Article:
Still, Clark’s new relationship status with Martha will be a key plot point throughout season two. “It’s focused on their marriage — out of all the ‘marriages’ we try to talk about on the show, the real one is Martha and Clark: legally, and they have the day-to-day humdrum, the normalcy,” said Alison Wright of her character, an FBI secretary. “They’re the people who have the real, nitty-gritty marriage on the show. Martha wants domesticity — that’s how it starts out, of course, but it can’t last that long.”
Across the street, the Beeman household will also get a closer look in season two. “I think they’ve captured a difficulty marriage beautifully — not skimming over it, but seriously taking their time with it. It’s painful and difficult, but Sandra has some redeeming moments of power in a way that she didn’t get to express last year. It takes a little bit of a left turn, it’s really interesting,” said Susan Misner on being married to an unfaithful FBI agent, after years of separation because he was on assignment. “It just reminds you to go home and connect. Talk to your partner, because really, as soon as you stop talking — even if you’re watching TV together everyday — you’re moving slightly and slowly away from that relationship. I really take that with me.”
Noah Emmerich added that of Stan’s many sins, his greatest downfall is “the betrayal of his vows with his wife. There’s a bit more of that, I wish it were less painful — it’s not a happy home, and things don’t necessarily get much better.” Season two will also continue to touch on real-life events, he said, such as “some of the military-industrial developments that happened in the ’80s — things like stealth technology are a big plot point in the series this year.”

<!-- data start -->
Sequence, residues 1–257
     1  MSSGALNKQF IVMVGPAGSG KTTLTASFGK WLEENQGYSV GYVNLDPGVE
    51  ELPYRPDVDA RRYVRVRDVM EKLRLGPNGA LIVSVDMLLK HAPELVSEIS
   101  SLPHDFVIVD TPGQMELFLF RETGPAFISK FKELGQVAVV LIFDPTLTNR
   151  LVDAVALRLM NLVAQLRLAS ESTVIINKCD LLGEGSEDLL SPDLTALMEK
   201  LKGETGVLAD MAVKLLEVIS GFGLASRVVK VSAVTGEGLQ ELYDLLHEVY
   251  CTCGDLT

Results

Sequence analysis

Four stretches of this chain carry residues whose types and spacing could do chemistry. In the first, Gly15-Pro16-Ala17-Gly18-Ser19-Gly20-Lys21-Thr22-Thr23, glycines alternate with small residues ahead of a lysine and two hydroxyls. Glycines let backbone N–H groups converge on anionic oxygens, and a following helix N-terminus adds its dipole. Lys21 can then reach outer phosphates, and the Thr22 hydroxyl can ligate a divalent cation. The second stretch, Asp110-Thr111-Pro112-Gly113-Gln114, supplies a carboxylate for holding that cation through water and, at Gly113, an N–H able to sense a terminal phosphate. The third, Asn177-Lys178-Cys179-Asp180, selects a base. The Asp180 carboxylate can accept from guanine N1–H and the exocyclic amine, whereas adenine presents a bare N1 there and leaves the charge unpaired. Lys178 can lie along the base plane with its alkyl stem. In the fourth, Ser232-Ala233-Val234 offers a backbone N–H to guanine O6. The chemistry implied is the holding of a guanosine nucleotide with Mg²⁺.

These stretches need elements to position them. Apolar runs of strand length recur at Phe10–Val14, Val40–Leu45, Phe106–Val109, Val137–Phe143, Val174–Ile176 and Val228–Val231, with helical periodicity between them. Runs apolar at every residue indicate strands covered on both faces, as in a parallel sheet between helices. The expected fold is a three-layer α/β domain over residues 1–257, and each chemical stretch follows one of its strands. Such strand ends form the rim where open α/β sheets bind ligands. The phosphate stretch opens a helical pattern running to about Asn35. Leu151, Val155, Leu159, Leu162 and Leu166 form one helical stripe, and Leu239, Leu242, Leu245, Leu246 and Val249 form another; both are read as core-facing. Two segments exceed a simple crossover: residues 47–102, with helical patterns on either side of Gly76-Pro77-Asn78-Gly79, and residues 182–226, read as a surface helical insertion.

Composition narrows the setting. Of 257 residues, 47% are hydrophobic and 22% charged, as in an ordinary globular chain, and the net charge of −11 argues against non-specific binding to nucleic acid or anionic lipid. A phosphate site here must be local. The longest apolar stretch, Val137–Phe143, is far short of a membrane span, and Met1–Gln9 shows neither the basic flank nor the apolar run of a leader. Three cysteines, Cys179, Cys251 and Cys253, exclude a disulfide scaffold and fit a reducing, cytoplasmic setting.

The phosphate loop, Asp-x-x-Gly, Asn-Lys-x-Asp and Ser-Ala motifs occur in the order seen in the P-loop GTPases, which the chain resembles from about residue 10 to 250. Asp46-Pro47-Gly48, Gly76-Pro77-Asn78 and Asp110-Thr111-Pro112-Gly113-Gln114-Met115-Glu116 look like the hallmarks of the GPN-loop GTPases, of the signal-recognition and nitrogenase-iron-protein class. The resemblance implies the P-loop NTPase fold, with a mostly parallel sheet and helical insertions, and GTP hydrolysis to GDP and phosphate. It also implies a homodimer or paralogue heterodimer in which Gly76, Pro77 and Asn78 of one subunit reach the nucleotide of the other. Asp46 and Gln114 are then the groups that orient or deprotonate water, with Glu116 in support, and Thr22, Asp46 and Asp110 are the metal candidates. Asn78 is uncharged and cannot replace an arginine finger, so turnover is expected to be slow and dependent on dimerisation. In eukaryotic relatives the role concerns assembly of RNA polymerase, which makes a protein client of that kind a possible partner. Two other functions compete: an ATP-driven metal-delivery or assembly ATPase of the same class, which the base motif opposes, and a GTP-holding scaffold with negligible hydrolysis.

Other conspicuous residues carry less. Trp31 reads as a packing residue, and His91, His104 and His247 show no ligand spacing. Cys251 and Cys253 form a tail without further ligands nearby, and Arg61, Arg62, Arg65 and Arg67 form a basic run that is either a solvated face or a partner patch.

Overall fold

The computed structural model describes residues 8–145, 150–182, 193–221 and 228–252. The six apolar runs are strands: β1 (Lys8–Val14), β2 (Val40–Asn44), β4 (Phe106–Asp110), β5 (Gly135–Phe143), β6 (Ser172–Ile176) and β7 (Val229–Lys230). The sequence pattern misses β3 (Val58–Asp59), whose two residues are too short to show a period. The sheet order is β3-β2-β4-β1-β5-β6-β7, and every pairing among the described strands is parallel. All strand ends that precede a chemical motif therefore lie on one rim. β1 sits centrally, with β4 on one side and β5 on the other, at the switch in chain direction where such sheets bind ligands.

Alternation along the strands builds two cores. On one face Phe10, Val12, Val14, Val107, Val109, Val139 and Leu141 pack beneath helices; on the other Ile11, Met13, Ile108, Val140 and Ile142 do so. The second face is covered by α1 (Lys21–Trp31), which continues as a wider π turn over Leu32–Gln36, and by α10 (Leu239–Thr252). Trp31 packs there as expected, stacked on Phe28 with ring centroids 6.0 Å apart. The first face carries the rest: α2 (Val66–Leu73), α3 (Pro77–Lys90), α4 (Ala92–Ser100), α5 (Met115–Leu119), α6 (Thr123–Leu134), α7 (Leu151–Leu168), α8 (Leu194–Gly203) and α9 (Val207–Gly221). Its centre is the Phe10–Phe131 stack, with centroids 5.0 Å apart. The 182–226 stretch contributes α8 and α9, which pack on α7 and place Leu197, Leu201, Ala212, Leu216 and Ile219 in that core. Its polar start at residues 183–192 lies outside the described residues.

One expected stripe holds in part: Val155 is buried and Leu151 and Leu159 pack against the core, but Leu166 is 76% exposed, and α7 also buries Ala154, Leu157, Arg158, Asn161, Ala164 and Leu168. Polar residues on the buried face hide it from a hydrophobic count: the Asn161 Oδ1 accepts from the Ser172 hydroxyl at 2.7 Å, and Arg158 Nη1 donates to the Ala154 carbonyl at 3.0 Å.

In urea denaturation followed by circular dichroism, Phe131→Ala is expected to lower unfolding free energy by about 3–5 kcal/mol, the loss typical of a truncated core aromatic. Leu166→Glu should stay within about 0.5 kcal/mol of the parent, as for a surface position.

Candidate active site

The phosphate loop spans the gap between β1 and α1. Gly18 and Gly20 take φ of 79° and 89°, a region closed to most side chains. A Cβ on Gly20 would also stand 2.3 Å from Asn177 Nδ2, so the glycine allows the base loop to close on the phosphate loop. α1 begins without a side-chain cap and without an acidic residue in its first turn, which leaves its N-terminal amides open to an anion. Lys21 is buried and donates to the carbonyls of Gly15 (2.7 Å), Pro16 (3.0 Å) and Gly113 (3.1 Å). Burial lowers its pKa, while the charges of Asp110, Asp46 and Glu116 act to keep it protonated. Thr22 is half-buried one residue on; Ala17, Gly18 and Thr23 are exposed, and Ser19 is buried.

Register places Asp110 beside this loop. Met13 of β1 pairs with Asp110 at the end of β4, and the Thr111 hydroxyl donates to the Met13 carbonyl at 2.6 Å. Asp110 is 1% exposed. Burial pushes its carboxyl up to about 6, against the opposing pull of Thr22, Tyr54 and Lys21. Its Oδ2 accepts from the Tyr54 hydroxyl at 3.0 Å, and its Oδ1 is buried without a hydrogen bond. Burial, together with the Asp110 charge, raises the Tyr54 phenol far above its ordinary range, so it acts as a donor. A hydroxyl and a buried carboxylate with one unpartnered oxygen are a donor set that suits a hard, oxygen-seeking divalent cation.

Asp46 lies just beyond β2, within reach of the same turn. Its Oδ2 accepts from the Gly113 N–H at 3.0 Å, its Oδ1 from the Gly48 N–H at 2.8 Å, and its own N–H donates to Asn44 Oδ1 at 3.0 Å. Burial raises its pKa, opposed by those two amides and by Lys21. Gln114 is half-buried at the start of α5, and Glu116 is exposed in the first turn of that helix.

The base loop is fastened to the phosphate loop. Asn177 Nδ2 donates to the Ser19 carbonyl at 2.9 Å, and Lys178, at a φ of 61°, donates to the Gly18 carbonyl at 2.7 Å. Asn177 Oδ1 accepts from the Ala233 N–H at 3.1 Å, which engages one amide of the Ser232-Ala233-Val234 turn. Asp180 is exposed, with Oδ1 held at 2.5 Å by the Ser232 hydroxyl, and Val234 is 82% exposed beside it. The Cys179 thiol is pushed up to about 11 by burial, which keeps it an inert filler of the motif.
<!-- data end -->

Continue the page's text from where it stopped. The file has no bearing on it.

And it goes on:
Emmerich reminded THR that The Americans isn’t looking to necessarily offer social commentary directly to today’s international political activity. “I was a history major in college, and the lessons of history are always relevant to the present. So many of the major dynamics of international relations and outlooks on the world are consistent. You can change the players and the names: in the ’80s, it was the Soviets, now it’s the terrorists. But how we look at people that we consider our enemies, how we are prejudice toward certain people, how we justify our own rights and freedoms and the degrees to which we’ll go to protect them are all issues that were all relevant then, and are clearly relevant now. That’s one of the great things about the show. History gives us a little more comfort and distance, so maybe it’s easier to look at ourselves. We’re not putting the spotlight on anyone particularly contemporary, but the lessons and dynamics that we explore in the ’80s are all equally relevant today.”
The Americans returns to FX on Wednesday, Feb. 26 at 10 p.m.